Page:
Killers on Parade
AKA - My Face Red in the Sunset
This was one of director Masahiro Shinoda's first films as part of the Japanese
New Wave and one might guess that it was to some degree influential on some
of the films of Seijun Suzuki such as Branded to Kill and Pistol Opera as
well as later films like Black Tight Killers. Vibrant colors, pop sensibilities,
absurd surrealism gives this film a very distinct off-beat personality. It
is as if Andy Warhol had made a Japanese film back in 1961 and just threw
colors at the canvass. All it needed was "bam", "wham" blazoned in text across
the screen to feel like a very cool Batman episode. As much as anything,
it is an exercise in style and comic parody that barely needs a plot and
there isn't much of one.
It is about professional killers. A group of them who all take great pride
in their skills and practice by shooting an apple off a little boy's head
at about 50 yards. They are more than a group - eight of them - more like
a fraternity as they have their own clubhouse and hang out talking about
their work just as we might in our jobs but it is about who they killed and
how they did it. They all have their own methods. They are rather an odd
ensemble - one a doctor, another wears a football helmet, there is a poet
who plays guitar, an old hand who prefers a knife, one who wants to unionize
and one of them is a female who takes her single sheep for walks. Every now
and then they break into song ("I'm a graveyard. Your lonely graveyard")
and a pop and jazz soundtrack inundate the film like an Annette Funicello
Beach movie. One of them so loves jazz that he is stuck at 99 kills - all
documented in his scrap book - because just as he was about to kill he heard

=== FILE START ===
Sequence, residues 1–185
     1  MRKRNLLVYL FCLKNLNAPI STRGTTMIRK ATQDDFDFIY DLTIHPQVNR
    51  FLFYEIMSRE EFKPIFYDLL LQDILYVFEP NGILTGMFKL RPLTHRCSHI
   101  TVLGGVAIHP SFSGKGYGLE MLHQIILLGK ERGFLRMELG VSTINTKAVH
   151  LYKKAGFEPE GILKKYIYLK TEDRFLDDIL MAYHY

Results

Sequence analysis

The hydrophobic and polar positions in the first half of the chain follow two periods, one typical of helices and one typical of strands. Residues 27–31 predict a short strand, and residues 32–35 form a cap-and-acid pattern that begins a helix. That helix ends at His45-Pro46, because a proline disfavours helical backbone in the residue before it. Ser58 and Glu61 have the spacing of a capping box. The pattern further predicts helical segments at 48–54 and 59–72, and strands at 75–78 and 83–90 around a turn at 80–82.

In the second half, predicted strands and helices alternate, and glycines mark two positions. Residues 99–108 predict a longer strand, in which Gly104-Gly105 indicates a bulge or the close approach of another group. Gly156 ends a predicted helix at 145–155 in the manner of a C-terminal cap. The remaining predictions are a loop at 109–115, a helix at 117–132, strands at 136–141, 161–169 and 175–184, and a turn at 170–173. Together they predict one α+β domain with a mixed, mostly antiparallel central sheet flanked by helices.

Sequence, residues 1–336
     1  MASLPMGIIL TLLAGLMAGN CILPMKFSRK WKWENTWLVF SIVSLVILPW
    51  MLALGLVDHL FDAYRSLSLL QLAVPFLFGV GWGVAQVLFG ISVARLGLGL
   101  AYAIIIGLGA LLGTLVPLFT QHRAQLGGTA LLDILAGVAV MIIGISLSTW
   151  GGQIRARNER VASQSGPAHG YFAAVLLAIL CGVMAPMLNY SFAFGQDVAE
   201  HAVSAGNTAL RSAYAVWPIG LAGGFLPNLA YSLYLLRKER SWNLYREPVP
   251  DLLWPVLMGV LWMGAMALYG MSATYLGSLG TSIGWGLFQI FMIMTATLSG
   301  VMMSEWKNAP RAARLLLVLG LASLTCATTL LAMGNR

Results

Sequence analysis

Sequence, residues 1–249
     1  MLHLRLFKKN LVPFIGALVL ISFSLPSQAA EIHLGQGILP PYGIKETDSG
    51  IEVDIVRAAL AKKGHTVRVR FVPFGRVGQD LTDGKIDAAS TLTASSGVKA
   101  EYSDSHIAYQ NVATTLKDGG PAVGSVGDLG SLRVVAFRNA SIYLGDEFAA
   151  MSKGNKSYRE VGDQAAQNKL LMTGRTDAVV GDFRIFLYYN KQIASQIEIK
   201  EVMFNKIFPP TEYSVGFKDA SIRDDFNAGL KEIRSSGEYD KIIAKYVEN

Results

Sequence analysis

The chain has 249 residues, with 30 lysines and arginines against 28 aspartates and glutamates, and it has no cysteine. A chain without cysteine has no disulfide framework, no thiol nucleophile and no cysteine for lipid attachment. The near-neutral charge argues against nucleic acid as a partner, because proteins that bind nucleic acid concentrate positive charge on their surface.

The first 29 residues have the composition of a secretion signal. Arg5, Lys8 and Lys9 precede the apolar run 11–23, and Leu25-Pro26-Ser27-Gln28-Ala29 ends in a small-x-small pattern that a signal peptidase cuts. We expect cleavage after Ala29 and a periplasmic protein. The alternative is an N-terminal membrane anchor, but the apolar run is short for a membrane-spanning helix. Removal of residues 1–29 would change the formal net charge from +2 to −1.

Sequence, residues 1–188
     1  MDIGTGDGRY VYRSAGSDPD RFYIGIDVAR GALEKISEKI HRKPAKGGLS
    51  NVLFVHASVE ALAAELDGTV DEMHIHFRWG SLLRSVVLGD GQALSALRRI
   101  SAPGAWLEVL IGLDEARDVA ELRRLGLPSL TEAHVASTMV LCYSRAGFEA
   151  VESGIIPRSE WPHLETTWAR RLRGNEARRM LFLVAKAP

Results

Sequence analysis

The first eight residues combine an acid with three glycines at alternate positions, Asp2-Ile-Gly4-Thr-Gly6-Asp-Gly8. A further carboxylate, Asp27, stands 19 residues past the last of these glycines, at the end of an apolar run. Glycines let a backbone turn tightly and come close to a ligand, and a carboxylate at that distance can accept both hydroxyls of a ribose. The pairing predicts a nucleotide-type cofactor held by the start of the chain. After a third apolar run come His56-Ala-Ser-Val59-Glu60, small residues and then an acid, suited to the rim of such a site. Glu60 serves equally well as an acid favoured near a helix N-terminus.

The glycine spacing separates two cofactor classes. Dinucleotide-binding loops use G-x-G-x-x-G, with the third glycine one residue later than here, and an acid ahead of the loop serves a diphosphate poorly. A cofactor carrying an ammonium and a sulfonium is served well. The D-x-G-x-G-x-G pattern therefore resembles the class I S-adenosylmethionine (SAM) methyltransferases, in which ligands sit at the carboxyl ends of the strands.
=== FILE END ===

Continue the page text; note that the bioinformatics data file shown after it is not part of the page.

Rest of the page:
jazz and had to stop and snap his fingers. An eccentric group and on the
surface like kittens that haven't been housebroken. But they are killers.
The so-called plot kicks into gear when a construction owner hires them to
kill the secretary of a newspaper editor who has the goods on him. But through
a series of plot turns, the job is given to a new killer, an amateur who
is a dead shot. This is Haruhiko Ishida (Yusuke Kawazu) who takes one look
at the photo of the secretary Mana Arisaka (Shima Iwashita - who Masahiro
was later to marry and cast her in a number of his films) and falls in love.
So instead of killing her he decides to save her. The Eight Killers suddenly
turn out not to be so good at their job in their attempts to knock of Ishida
and Mana - and it gets downright silly. The action is staged in a way that
is intentionally very stilted and theatrical and as far from a tough hard
edged Yakuza film as you can get.
Much of the pleasure of the film are the oddities that Masahiro just throws
in for the heck of it - a bunch of children disguised all in black who look
more threatening than the killers, their club that has a big puddle in it
and parts of a mannequin strewn around, a giant fake moon, a nightclub's
weird décor, another female killer who is as sweet as pie and duels
the sheep walker killer, all of the killers riding around town in a jeep
like kids out on a lark and a bet to shoot the hat off the jockey of the
winning horse in full stride. It is all nonsense and quite frivolous but
feels very different from any Japanese film I have seen from this period.
Masahiro would go on of course to make a few classic films such as Pale Flower,
Samurai Spy, Silence (the original), Double Suicide and the Ballad of Orin.